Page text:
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BMJ Qual Saf. 2018 Mar;27(3):207-217. doi: 10.1136/bmjqs-2017-006989. Epub 2017 Nov 3.

Influencing organisational culture to improve hospital performance in care of patients with acute myocardial infarction: a mixed-methods intervention study.

Author information

1
Yale School of Public Health and Yale Global Health Leadership Institute, New Haven, Connecticut, USA.
2
Columbia University Mailman School of Public Health, New York, USA.
3
Tufts University School of Medicine, Boston, Massachusetts, USA.
4
Mayo Clinic College of Medicine, Mayo Clinic, Rochester, Minnesota, USA.
5
Vassar College, Poughkeepsie, New York, USA.

Abstract

BACKGROUND:

Hospital organisational culture affects patient outcomes including mortality rates for patients with acute myocardial infarction; however, little is known about whether and how culture can be positively influenced.

METHODS:

This is a 2-year, mixed-methods interventional study in 10 US hospitals to foster improvements in five domains of organisational culture: (1) learning environment, (2) senior management support, (3) psychological safety, (4) commitment to the organisation and (5) time for improvement. Outcomes were change in culture, uptake of five strategies associated with lower risk-standardised mortality rates (RSMR) and RSMR. Measures included a validated survey at baseline and at 12 and 24 months (n=223; average response rate 88%); in-depth interviews (n=393 interviews with 197 staff); and RSMR data from the Centers for Medicare and Medicaid Services.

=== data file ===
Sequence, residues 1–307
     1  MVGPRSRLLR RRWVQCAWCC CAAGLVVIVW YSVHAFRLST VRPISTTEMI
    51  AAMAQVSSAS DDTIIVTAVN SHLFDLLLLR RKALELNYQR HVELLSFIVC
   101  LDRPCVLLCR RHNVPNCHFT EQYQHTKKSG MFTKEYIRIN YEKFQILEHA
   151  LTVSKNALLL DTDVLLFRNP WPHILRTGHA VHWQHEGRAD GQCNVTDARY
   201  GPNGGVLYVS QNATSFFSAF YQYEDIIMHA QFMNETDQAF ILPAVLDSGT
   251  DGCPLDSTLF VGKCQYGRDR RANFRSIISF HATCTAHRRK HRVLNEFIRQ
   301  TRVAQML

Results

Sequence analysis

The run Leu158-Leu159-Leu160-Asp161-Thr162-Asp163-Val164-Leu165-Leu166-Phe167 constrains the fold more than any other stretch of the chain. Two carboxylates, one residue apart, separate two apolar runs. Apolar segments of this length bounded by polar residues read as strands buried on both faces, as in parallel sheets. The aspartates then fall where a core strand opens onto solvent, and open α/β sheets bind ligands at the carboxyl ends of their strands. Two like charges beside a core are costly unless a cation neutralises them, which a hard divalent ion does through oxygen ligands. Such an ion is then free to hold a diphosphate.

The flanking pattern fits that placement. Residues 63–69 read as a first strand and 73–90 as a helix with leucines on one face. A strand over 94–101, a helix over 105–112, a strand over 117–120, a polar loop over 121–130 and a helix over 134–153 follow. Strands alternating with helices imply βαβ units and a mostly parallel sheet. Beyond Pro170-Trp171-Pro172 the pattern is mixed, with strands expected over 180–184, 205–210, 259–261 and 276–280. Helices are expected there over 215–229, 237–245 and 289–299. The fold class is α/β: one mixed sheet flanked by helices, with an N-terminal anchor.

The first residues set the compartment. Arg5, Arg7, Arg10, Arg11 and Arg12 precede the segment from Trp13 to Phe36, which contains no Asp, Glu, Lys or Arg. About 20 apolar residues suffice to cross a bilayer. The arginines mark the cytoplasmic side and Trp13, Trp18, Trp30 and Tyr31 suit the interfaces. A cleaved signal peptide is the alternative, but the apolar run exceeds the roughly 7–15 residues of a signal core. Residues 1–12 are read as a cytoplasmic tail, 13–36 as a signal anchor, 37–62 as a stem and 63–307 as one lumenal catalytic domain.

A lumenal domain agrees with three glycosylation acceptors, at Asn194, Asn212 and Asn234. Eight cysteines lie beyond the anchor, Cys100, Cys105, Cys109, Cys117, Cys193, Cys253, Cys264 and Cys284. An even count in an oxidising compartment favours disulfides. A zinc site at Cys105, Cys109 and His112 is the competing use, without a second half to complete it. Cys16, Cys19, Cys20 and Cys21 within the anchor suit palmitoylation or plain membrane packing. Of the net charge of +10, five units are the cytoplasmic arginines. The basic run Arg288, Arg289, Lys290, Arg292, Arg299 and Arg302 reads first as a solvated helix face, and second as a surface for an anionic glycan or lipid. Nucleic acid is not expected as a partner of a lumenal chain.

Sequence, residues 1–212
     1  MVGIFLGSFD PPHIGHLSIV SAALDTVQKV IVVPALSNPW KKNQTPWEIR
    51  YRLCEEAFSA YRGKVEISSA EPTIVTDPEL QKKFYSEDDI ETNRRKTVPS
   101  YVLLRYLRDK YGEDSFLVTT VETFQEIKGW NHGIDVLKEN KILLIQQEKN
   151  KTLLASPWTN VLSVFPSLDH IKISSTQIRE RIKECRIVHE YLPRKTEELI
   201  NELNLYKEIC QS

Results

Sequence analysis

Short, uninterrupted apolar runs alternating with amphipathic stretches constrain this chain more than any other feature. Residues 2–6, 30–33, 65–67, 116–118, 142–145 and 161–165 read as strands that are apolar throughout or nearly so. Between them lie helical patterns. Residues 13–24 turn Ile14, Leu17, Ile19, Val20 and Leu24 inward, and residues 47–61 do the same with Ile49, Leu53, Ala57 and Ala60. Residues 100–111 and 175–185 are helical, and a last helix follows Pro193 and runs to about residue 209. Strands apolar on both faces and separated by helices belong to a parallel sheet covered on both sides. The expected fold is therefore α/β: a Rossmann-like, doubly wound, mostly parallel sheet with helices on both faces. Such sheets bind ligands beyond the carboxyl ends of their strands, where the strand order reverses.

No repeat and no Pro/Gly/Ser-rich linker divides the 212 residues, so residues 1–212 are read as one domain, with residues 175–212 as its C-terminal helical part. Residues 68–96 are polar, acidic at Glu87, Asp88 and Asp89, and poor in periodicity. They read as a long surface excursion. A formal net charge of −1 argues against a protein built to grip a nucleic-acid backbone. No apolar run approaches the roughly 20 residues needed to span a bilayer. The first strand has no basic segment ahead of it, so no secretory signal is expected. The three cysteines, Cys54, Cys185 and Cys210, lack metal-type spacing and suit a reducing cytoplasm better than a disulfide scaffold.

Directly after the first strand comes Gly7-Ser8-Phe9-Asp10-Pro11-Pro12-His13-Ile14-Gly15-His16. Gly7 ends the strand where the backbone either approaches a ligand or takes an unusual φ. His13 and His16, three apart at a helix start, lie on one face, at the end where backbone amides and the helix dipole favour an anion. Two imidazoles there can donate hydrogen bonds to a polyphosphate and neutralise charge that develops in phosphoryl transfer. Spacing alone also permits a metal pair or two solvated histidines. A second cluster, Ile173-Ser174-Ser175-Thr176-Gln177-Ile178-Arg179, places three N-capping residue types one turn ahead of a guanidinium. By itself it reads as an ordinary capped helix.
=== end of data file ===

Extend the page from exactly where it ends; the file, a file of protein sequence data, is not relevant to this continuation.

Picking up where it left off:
RESULTS:

We observed significant changes (p<0.05) in culture between baseline and 24 months in the full sample, particularly in learning environment (p<0.001) and senior management support (p<0.001). Qualitative data indicated substantial shifts in these domains as well as psychological safety. Six of the 10 hospitals achieved substantial improvements in culture, and four made less progress. The use of evidence-based strategies also increased significantly (per hospital average of 2.4 strategies at baseline to 3.9 strategies at 24 months; p<0.05). The six hospitals that demonstrated substantial shifts in culture also experienced significantly greater reductions in RSMR than the four hospitals that did not shift culture (reduced RSMR by 1.07 percentage points vs 0.23 percentage points; p=0.03) between 2011-2014 and 2012-2015.

CONCLUSIONS:

Investing in strategies to foster an organisational culture that supports high performance may help hospitals in their efforts to improve clinical outcomes.

KEYWORDS:

leadership; qualitative research; quality improvement

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